SALT LAKE CITY — First-year teacher Veronica Hernandez has something in her class few teachers get: a mentor, whose only job is to help new teachers succeed.
“They give you great ideas that you wouldn’t have thought of yourself, adding tools to your teacher toolbox,” Hernandez said.
One of those tools: her peer mentor recently suggested engaging students by getting them up and moving.
On this day, Hernandez took a break from instruction and had students follow an online exercise class.
“First graders are wiggly after lunch,” said peer mentor Sarah Machol. “So I’m really excited to see her trying some of those things.”
Hernandez and other teachers say this kind of support boosts morale by providing specific feedback.
“Knowing that I have another set of eyes that are here help me become the best teacher I can be,” said Eliza McKay, another first-year teacher.
Unlike many districts, which have mentors who also teach and maintain other duties, Salt Lake City School District hires peer mentors who focus only on that job. Leaders applied for a legislative grant to pilot the program.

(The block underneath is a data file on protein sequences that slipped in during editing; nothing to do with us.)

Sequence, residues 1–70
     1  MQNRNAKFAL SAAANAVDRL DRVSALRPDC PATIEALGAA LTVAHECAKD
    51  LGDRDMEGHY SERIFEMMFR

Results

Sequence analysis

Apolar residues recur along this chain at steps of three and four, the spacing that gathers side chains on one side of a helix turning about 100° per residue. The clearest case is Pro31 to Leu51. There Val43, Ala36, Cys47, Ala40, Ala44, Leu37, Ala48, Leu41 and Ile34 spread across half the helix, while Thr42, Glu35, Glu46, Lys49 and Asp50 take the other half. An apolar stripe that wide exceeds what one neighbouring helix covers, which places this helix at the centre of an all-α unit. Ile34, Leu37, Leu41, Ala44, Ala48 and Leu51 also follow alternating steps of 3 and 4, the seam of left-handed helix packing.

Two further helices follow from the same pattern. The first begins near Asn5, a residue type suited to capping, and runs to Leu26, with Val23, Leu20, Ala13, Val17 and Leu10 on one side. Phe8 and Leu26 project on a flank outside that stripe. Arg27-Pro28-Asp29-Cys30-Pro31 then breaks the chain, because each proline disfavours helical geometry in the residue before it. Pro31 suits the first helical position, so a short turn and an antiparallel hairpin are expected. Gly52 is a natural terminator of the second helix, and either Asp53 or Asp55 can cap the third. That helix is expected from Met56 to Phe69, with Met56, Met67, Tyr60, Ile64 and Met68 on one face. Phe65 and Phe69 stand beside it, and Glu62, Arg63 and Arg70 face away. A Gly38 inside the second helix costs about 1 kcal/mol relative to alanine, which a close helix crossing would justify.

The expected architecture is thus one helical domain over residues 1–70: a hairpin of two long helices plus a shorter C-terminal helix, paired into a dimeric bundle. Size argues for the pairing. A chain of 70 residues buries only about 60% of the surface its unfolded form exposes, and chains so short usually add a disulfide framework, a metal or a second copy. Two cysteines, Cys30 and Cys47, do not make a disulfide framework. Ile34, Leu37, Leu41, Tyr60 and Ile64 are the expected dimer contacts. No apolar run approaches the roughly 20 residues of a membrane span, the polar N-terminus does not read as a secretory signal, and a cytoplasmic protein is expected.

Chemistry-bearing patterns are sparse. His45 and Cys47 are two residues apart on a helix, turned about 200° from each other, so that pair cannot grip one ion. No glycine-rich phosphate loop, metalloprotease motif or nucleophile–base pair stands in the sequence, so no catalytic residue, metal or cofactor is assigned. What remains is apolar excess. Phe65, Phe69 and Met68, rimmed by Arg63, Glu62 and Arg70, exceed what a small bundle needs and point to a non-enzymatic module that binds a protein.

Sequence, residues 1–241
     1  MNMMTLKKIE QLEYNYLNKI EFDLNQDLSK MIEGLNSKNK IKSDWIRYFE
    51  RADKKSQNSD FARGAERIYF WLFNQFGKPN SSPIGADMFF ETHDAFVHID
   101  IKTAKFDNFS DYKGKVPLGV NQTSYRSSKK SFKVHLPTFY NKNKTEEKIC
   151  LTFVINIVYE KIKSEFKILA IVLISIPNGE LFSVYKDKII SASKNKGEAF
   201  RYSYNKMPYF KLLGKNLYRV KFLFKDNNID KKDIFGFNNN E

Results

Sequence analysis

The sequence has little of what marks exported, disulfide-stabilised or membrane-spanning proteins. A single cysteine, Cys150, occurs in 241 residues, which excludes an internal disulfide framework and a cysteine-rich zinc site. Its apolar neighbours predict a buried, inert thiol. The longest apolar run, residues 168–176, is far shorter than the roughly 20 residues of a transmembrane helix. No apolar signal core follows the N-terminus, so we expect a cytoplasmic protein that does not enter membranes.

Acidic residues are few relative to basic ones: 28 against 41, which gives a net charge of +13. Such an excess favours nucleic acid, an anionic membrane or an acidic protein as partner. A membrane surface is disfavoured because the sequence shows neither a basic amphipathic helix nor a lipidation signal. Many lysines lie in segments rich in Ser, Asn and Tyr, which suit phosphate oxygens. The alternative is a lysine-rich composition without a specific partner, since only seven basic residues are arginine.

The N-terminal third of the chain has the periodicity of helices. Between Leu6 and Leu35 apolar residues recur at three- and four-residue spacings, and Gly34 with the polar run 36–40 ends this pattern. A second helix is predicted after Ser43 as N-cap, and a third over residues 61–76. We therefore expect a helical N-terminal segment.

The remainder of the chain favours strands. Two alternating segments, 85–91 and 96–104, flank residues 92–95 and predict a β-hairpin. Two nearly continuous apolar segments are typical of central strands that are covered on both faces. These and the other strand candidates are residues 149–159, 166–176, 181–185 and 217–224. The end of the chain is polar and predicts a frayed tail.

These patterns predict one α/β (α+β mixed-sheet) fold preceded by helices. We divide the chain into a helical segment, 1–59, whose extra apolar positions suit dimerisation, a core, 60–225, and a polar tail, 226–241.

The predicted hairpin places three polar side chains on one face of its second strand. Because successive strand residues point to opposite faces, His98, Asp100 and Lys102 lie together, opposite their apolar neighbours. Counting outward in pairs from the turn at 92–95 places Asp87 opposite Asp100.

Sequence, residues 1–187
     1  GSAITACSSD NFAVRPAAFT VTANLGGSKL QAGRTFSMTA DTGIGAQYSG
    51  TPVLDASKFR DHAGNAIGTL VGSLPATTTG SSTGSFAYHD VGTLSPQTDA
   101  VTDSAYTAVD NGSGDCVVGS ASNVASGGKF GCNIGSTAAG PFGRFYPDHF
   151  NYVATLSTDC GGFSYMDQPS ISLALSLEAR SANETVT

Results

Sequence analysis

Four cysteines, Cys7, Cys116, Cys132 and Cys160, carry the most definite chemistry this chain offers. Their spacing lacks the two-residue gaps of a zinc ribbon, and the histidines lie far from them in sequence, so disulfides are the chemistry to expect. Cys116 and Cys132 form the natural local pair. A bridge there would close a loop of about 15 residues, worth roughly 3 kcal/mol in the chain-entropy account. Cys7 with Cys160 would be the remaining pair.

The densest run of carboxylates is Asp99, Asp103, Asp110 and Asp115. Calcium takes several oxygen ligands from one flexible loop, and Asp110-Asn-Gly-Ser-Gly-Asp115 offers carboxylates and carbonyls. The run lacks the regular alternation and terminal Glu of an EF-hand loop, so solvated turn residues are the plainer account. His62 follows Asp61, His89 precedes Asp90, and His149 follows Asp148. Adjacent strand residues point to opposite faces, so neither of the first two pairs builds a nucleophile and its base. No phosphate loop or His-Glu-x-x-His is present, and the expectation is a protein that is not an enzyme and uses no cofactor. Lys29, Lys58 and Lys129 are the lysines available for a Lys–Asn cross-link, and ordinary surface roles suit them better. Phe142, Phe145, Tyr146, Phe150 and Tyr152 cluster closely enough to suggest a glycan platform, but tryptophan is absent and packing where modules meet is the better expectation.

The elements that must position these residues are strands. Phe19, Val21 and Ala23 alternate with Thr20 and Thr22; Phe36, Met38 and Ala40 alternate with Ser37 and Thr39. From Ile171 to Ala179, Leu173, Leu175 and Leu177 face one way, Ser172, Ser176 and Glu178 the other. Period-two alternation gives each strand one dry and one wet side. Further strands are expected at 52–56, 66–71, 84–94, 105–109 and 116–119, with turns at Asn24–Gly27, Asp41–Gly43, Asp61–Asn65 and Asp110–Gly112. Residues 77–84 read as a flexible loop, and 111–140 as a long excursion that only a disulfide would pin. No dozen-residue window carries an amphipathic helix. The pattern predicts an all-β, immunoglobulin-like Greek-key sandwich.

“This is the first program of its kind in Utah,” said Peer Assistance Review (PAR) supervisor Logan Hall. “It’s their entire job to help novice teachers to be successful.”
This is important because 56 percent of new teachers in Utah quit, according to the University of Utah’s Education Policy Center. Of those teachers in Salt Lake’s PAR program, only twenty-three percent quit.
With that kind of difference, Salt Lake City School District now pays to continue the pilot.
“What do our teachers need most? That is the key question,” Hall said.
And teachers said their needs are being met.
“I really love what I do, and coming to work and having the support makes me feel like I can do what I need to do here,” Hernandez said.
In the end, mentors believe skilled, satisfied teachers benefit students.